Shifts likely in US policies on Iran, Gulf after US diplomacy’s reset

Given the record of the secretary of state nominee, Iran is preparing for a possible US exit from the JCPOA.
Sunday 18/03/2018
Heads of the US intelligence agencies, including CIA Director Mike Pompeo (C), testifiy before the Senate Intelligence Committee in Washington, last May. (AFP)
Out of the shadows. Heads of the US intelligence agencies, including CIA Director Mike Pompeo (C), testifiy before the Senate Intelligence Committee in Washington, last May. (AFP)

WASHINGTON - Friends and foes of the United States in the Middle East are preparing for a tilt in Washington’s approach to issues ranging from Iran to Syria and the Qatar crisis as US President Donald Trump is proposing to put a pair of hawks sharing much of his mindset into key positions following the unceremonious ouster of Secretary of State Rex Tillerson.

Tillerson, a former oil company executive with accommodationist views, is expected to be replaced by Mike Pompeo, the current CIA director and a supporter of tough measures against Iran as well as a follower of Trump’s populist agenda. Pompeo’s designated successor at the CIA is Gina Haspel, a career intelligence official.

Pompeo and Haspel could face opposition during confirmation hearings in the US Senate. At least one Republican senator, Rand Paul, said he would oppose both candidates, a worrying sign for the administration because Trump’s party has a narrow 51-49 majority in the Senate.

Human rights groups said they would call on senators to sink Haspel’s nomination. She is accused of having run a secret CIA prison in Thailand in 2002, where torture was allegedly practised against detainees.

If confirmed, Pompeo, a former conservative member of Congress from Kansas who is very close to Trump as the official delivering the daily intelligence reports to the president, is likely to reduce friction between the White House and the State Department. Conflicting messages from Washington sowed confusion and eroded trust in US policies in the Middle East under Tillerson’s tenure. Now that he is leaving, an increased alignment behind Trump’s positions is likely.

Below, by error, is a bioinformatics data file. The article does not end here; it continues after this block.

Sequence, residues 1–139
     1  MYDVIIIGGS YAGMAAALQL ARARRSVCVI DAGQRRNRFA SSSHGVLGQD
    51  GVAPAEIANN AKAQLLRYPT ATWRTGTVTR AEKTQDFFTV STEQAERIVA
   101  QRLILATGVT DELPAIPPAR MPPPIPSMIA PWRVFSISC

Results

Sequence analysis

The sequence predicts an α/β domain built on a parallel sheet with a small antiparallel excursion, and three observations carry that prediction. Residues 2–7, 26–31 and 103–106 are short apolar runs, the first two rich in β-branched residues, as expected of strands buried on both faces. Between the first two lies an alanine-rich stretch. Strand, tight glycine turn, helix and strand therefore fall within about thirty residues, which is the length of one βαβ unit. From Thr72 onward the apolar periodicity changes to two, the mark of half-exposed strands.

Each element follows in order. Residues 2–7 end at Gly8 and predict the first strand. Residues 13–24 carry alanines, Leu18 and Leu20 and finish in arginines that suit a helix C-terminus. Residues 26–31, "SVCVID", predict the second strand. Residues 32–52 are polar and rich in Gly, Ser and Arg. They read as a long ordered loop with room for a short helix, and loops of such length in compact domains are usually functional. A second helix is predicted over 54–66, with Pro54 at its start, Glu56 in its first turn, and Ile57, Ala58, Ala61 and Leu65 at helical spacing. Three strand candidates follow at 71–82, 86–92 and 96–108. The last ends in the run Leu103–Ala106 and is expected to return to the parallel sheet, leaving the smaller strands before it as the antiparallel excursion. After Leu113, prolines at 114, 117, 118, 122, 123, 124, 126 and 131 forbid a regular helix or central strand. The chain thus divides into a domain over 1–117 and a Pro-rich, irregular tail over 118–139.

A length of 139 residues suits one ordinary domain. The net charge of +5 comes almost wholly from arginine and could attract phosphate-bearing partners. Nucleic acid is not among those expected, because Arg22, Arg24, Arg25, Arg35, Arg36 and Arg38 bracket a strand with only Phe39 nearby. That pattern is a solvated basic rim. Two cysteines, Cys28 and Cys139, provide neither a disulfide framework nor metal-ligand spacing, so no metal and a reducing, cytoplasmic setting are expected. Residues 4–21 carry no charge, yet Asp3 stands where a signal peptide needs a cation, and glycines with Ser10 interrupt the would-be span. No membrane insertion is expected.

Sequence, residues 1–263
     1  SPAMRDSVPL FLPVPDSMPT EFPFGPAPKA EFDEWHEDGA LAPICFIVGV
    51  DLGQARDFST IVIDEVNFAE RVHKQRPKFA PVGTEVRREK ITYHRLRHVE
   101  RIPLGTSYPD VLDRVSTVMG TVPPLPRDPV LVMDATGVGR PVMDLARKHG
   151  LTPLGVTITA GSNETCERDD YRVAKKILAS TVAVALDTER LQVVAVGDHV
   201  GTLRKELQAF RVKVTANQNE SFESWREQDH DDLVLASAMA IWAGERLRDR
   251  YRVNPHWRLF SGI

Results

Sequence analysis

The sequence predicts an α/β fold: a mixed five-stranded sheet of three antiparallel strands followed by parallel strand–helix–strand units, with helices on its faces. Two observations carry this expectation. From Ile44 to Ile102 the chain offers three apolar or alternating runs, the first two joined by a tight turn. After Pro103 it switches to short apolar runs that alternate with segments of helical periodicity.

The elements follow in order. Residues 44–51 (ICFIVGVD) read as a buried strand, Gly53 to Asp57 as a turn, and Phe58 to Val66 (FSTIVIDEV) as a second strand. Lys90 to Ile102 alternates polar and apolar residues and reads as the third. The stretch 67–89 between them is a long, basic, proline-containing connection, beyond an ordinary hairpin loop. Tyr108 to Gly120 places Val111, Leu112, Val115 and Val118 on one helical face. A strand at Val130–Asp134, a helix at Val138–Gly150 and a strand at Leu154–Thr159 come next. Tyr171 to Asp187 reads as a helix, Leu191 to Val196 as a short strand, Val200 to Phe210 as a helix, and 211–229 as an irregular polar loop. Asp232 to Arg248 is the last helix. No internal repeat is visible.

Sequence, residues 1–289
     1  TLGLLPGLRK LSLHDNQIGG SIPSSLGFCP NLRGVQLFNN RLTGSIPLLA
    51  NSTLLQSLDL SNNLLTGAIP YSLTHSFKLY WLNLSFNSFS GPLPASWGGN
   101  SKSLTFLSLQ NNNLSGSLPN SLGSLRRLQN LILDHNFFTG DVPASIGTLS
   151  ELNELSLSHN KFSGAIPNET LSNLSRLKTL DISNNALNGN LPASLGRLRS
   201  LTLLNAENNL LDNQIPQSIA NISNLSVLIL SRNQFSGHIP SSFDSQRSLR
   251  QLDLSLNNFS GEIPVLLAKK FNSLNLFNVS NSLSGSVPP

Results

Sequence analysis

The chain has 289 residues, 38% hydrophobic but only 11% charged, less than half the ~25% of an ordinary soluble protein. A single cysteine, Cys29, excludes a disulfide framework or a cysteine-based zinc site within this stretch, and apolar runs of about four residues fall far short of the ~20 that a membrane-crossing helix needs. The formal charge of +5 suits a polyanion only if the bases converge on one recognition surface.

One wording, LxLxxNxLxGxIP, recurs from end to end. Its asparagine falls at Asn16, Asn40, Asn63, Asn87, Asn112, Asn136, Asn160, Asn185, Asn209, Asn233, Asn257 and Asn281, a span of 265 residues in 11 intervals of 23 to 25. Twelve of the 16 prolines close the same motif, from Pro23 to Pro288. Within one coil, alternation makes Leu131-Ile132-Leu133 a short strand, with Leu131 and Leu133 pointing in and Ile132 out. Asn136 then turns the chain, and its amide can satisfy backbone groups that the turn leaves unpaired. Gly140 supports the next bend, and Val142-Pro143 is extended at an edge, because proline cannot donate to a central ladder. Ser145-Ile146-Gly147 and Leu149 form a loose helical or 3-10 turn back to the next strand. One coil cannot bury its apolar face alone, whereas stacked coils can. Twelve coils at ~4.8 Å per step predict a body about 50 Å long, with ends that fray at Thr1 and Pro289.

Allies and adversaries of the United States in the region can expect a change in tone after the ouster of the low-key Tillerson. “Pompeo’s style, like Trump’s, is based on confrontation rather than dialogue,” the New Yorker magazine said in a profile of the designated diplomat.

Trump praised the “very good chemistry” between Pompeo and him and pointed out major differences with Tillerson. “When you look at the Iran deal, I think it’s terrible. I guess he thought it was OK,” Trump said. “I wanted to either break it or do something and he felt a little bit differently.”

The president is unlikely to experience that kind of problem with Pompeo, who, like Trump, regards the Iran nuclear treaty as a disaster. Pompeo has also called for regime change in Tehran.

Trump will have to decide by May whether to take the United States out of the international accord, officially known as the Joint Comprehensive Plan of Action (JCPOA) or not.

Given the record of the secretary of state nominee, Iran is preparing for a possible US exit from the JCPOA. “The United States is determined to leave the nuclear deal and changes at the State Department were made with that goal in mind — or at least it was one of the reasons,” Iranian Deputy Foreign Minister Abbas Araghchi said.

Streamlining positions between the president and the secretary of state could clarify the US stance on the row between Qatar and a Saudi-led bloc of Arab countries. While Trump took Saudi Arabia’s side, Tillerson sought to accommodate the Qataris and tried his hand at mediation in the Gulf region. As Pompeo takes over, Washington could move clearly into the Saudi corner and unsettle Doha’s US strategy.

Pompeo’s nomination was predictably welcome news for US allies Saudi Arabia and the United Arab Emirates. Saudi Crown Prince Mohammed bin Salman bin Abdulaziz is expected in Washington for talks in the coming days.

Turkey has formally expressed its wish to work with Pompeo but Turkish newspapers reminded their readers that Pompeo had called their country a “totalitarian Islamist dictatorship” after a failed coup in 2016.

A push for a more robust position could also be imminent in US policies towards Syria. “Mike Pompeo’s appointment as secretary of state is likely to embolden those within the Trump administration who seek to further amplify a more assertive posture within the Syrian crisis,” Charles Lister, a senior fellow at the Middle East Institute in Washington, wrote in an analysis.

Pompeo has called Syrian President Bashar Assad a “puppet of the Iranians.” The same view could apply to Iran’s encroachment in Iraq.

Pompeo’s influence on Washington’s role in the peace process between the Israelis and Palestinians is unclear because that issue has been the realm of Trump’s son-in-law Jared Kushner. However, some observers expect the State Department to play a more active role under Pompeo because he is a member of Trump’s inner circle, which Tillerson never was.

“No one has a stronger relationship with President Trump than Mike Pompeo,” Republican Senator Lindsey Graham said in a statement.

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